Rethink the News
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  • For NATO, terrorism becomes a test of central role

    The Manchester attack nudged counterterrorism up the agenda at NATO’s meeting in Brussels this week. But pressure remains for the alliance to do what it was built to do: Keep a check on the challenges that Russia’s actions pose to Western democracies. 

  • Signs of a new Russian tack on Chechnya?

    Here’s a piece about the prospect, at least, of an unexpected kind of intervention. Russia – which has long allowed Chechen leaders to rule with a heavy hand in exchange for keeping a lid on separatists there – has sent investigators to Chechnya to investigate reports of the torture and murder of gay men. 

  • The Redirect

    The immigration story, in four charts

    Immigration arrests during President Trump’s first 100 days were up about 40 percent over the same period last year, according to Immigration and Customs Enforcement. But from raw numbers to countries of origin to US public attitudes, the story might not be exactly what you think.

  • For artists, too, a hard road back from tragedy

    Sifting the less-discussed consequences of Monday’s attack got writer Mike Farrell thinking about how artists – from Ariana Grande to the creator of Pepe, a cartoon frog that has become a symbol of the "alt-right" movement – can respond to their inadvertent association with a tragedy or movement and help others heal in the process. 

  • In Boston, plan to curb gang violence runs through college

    Nationally, gang violence has been an outlier – growing where other forms of violence have waned. Josh Kenworthy reports on the latest example of a shift in thought that promotes the power (and the relative economic efficiency) of education over incarceration.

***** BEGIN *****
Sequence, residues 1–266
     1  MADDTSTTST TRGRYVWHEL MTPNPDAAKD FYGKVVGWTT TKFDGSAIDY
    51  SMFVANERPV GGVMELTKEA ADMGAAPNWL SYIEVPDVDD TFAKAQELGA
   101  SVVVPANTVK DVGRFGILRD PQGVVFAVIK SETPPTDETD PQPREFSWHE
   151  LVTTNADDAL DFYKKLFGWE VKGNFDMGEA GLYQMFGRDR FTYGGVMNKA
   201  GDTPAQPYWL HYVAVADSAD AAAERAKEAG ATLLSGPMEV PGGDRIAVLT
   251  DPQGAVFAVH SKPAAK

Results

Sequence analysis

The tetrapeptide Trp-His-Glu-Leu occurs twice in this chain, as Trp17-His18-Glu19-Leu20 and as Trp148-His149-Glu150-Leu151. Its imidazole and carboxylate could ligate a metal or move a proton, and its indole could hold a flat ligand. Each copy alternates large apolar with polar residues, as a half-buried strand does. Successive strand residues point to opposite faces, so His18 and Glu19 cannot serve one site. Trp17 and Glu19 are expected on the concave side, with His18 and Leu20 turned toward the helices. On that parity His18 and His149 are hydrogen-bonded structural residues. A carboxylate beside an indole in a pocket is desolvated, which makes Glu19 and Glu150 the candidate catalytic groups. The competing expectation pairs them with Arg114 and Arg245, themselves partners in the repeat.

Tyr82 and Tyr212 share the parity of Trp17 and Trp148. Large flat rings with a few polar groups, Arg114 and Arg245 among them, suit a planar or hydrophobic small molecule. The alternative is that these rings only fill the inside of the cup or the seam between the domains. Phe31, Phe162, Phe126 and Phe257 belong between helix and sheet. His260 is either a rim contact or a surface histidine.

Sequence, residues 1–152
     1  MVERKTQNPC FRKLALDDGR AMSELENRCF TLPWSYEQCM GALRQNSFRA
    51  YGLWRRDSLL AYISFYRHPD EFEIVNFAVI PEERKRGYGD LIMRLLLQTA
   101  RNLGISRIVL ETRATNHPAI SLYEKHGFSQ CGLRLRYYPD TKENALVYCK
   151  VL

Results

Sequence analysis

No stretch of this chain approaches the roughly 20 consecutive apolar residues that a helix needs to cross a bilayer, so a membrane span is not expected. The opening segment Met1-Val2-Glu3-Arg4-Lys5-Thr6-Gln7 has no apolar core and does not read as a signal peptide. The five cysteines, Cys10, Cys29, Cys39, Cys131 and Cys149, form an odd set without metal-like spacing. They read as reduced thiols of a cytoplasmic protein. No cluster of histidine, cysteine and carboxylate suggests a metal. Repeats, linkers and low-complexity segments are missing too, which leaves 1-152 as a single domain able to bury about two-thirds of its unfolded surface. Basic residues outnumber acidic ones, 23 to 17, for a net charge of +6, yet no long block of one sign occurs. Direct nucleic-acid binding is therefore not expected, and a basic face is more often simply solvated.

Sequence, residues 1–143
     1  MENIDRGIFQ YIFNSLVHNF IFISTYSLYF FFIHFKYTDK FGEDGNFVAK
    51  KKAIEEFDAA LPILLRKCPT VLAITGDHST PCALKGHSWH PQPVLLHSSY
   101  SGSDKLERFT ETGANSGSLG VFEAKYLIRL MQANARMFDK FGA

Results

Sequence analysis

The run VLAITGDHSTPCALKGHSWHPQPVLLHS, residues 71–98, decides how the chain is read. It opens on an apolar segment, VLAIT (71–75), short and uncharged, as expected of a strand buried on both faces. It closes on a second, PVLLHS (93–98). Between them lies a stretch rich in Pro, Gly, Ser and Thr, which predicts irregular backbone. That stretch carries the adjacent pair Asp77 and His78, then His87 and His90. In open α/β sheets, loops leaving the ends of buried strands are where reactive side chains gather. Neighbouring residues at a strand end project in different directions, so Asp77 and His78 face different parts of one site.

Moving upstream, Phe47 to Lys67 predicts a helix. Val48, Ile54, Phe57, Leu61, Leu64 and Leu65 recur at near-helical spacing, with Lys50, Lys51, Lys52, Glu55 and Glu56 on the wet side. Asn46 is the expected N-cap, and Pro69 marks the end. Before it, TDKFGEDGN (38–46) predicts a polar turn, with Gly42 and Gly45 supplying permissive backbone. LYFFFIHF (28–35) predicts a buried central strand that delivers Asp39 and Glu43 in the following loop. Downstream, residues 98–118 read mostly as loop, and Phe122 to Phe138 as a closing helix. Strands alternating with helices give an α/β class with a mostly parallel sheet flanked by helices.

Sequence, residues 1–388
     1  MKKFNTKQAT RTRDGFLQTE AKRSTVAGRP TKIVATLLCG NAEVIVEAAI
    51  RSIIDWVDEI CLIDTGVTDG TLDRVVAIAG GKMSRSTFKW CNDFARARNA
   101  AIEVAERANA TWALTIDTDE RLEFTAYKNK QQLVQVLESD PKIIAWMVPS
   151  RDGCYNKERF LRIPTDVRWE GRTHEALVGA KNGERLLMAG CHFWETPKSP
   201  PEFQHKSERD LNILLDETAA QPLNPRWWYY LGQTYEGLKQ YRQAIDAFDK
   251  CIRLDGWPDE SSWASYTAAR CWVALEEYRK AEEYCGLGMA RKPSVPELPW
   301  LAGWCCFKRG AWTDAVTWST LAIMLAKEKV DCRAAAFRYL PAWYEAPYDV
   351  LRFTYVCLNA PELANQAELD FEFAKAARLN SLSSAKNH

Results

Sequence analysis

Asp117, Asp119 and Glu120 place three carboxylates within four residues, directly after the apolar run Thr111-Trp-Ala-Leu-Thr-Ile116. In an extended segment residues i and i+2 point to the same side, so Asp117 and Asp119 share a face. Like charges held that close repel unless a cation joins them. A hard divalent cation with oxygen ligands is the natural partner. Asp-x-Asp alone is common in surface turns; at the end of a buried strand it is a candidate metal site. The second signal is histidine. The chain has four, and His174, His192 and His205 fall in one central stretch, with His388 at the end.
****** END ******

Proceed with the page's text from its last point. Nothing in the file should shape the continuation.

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About Monitor Journalism

We think it is time to rethink the news.

News is essential. It is the fuel for a thriving democracy. It takes us to places and and introduces us to people we never imagined. It defends our rights and values.

Over the Monitor’s 108-year history, we’ve built a legacy of high-quality, distinctive journalism because we recognize that news is more than facts. It’s the story of how we are each trying to make our homes, communities, and nations better. What matters are the values and ideals that drive us, not just the who, what, when, and where of the news.

When we understand that, we understand the world, and one another, better.

The Monitor gives readers that deeper insight by offering this approach to readers:

We challenge conventional thinking. As forces from politics to social media try to break us into competing tribes – political, racial, or economic – together we’ll rethink the question, “Who is my neighbor?”

We listen to you. We need you to hold us accountable – to keep us honest and grounded. To inspire us with what inspires you. Together, we can build a community of people who ask more from news.

We will change how you see news. News must be accurate and trustworthy, but facts alone can miss the whole story – the story of us. We are much better than much of today’s news portrays us to be. We will have the courage to look into both the best and the worst in us – and not to blame, but to demand better.

Journalism can be a force for good – for inspiration and progress. But only if we all make it so.

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